It is a major problem in almost all large German cities, that fine particulate matter is frequently exceeding its maximum permissible value of 50 μg/m3. In a special issue of the Make Magazine (IoT special 01/2017), I read an article about the Nova PM SDS011 sensor, which is using the principle of laser scattering to measure the concentration of particulate matter between 0.3 to 10 μm in the air. The sensor is cheap (about 20 Euro) and easy to use, since it communicates via serial connection.
For placing the sensor into an enclosure, it is equipped with a nozzle that allows to connect a hose of max. 1 m length. The UART communication protocol requires a bit rate of 9600 baud, with 8 data bit, no parity and one stop bit.
For quite a while I am monitoring temperature and humidity in each single room of my apartment. I was inspired by several Raspberry projects, featuring a “Garden Pi“, to monitor my house plants as well, using a probe to measure moisture level of soil.
On the net, one can find many low-cost sensors which are compatible with Arduino or Raspberry Pi. They usually consist of simple PCBs with two electrodes which are pushed into the earth. Moisture is determined by measuring conductivity of the soil which isn’t very reliable for long-term measurements. Cheap sensors are often affected by heavy corrosion, so that Copper ions will leach out and might poison your plants.
In contrast, sensors measuring soil moisture levels by capacitive sensing rather than resistive sensing are much more suitable, because they are made of corrosion resistant material which gives them an excellent service life.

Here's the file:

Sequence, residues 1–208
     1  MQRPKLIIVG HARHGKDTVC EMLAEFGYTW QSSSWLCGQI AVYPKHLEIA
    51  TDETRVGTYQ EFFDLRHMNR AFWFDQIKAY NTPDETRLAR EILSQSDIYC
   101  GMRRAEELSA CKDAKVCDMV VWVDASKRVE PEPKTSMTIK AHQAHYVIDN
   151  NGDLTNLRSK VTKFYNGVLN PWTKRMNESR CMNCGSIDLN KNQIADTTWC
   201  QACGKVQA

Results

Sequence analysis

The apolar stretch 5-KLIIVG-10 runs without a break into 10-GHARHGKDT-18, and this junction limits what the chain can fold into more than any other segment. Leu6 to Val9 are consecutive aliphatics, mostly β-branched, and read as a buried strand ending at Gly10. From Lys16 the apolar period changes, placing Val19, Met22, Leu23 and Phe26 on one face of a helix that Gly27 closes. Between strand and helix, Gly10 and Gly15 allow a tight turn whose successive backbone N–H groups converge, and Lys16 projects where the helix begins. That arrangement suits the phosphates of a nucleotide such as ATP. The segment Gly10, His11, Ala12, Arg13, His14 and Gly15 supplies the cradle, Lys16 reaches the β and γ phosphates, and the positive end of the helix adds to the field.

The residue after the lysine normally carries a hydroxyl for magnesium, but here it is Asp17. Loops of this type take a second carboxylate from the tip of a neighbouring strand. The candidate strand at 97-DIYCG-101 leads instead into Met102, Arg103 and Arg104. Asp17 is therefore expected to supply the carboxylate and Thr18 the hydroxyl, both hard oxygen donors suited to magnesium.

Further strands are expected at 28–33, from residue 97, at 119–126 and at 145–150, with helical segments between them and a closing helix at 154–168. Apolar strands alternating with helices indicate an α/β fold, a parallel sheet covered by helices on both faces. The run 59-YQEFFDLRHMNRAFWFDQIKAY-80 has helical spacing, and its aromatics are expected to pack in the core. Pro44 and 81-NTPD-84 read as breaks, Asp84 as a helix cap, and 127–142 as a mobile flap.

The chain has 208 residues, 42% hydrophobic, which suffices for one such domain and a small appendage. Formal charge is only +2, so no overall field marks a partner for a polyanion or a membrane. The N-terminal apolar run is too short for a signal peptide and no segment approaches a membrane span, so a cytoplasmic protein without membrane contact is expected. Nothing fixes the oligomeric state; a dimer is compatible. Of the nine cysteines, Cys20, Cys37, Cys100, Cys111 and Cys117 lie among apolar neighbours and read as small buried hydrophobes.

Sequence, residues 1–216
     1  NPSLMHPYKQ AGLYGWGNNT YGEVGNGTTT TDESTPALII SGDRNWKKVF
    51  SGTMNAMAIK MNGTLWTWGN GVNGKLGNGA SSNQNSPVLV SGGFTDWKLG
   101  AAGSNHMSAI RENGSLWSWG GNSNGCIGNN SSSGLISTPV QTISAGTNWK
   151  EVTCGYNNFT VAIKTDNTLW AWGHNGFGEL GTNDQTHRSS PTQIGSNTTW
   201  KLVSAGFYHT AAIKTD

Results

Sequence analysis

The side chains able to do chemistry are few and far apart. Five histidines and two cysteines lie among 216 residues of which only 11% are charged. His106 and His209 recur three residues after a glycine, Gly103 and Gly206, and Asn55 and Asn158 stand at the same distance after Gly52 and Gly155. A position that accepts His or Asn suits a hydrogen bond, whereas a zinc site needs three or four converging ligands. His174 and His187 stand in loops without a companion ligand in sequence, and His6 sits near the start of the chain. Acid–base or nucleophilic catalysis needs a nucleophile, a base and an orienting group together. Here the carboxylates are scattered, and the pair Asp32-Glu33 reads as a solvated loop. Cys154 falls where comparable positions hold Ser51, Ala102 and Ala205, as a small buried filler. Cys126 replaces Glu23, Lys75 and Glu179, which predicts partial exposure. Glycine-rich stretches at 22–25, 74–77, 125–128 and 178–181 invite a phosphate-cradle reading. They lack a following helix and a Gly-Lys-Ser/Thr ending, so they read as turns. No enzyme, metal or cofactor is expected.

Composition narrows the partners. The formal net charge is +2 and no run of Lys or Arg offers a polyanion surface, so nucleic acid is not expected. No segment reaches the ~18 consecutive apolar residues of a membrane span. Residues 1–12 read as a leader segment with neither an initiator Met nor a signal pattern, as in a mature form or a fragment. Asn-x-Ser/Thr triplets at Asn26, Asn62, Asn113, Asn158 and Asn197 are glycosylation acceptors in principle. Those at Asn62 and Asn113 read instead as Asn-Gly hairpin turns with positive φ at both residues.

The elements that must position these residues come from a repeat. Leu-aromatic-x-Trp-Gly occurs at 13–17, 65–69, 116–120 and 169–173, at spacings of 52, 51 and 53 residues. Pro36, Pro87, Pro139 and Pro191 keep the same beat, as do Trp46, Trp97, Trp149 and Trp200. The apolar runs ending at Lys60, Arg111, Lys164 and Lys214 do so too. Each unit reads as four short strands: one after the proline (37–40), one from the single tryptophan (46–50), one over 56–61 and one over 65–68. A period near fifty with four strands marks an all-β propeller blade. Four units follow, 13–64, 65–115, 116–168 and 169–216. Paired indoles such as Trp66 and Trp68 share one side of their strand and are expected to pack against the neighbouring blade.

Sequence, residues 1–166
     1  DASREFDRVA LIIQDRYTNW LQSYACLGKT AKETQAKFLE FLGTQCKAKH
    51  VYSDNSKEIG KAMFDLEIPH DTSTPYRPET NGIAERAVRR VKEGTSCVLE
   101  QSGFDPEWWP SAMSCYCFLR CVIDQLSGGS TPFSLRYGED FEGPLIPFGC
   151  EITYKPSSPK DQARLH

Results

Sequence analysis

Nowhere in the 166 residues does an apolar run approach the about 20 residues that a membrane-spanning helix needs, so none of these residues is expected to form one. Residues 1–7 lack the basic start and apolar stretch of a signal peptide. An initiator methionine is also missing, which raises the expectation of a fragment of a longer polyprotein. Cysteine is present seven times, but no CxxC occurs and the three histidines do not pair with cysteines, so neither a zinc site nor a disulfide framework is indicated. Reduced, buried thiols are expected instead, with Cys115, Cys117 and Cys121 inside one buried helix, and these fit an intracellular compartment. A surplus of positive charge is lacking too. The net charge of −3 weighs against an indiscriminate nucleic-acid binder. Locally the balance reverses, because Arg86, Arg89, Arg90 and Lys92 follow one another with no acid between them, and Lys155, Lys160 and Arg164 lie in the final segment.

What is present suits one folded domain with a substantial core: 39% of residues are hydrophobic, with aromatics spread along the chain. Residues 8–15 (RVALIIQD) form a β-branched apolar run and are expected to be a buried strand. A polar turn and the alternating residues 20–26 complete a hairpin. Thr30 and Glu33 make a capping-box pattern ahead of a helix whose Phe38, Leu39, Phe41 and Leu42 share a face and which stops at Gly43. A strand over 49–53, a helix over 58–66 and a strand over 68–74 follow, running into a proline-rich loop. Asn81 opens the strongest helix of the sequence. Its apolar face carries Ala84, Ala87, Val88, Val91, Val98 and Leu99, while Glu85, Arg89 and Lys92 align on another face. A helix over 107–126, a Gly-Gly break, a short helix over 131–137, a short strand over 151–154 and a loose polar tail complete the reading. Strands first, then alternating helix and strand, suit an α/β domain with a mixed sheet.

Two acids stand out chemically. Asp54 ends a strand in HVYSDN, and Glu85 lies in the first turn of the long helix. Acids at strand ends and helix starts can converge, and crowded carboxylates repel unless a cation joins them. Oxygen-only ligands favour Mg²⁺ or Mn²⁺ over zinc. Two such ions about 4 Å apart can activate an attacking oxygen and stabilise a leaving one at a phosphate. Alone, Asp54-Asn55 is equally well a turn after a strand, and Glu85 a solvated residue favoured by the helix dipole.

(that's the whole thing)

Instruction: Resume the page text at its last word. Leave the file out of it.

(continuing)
About two years ago, a cheap five dollar microcontroller has been entering the maker scene, featuring b/g/n wireless LAN. The ESP8266 is manufactured by a Chinese company, called Espressif Systems and became soon very popular as a building-block for home-automation and IoT projects.These modules were distributed on Ebay, the Amazon Marketplace or AliExpress for a few dollars. However, communication with most of the ESP8266 modules requires an external USB-to-Serial-Adapter and a special procedure to bring the device into “flash-mode”, which can be cumbersome in some cases, especially for beginners. With the brand-new WeMos D1 Mini, the setup was significantly simplified, so that it is as easy to use as an Arduino UNO.
With a PIR sensor one can detect movements within it’s field of view and trigger other hardware, such as surveillance cameras. It is also possible to record the frequency of movements over time, e.g. to monitor motion activity in a room of your apartment.
With a PIR sensor attached to my RasPi, I recorded motion events by storing UNIX timestamps in a single-column MySQL table. I wanted to visuaize these data points as a histogram displaying the frequency of motion events over time, but this task turned out to be more complicated than expected using GNUPlot. So here’s a short tutorial how it works: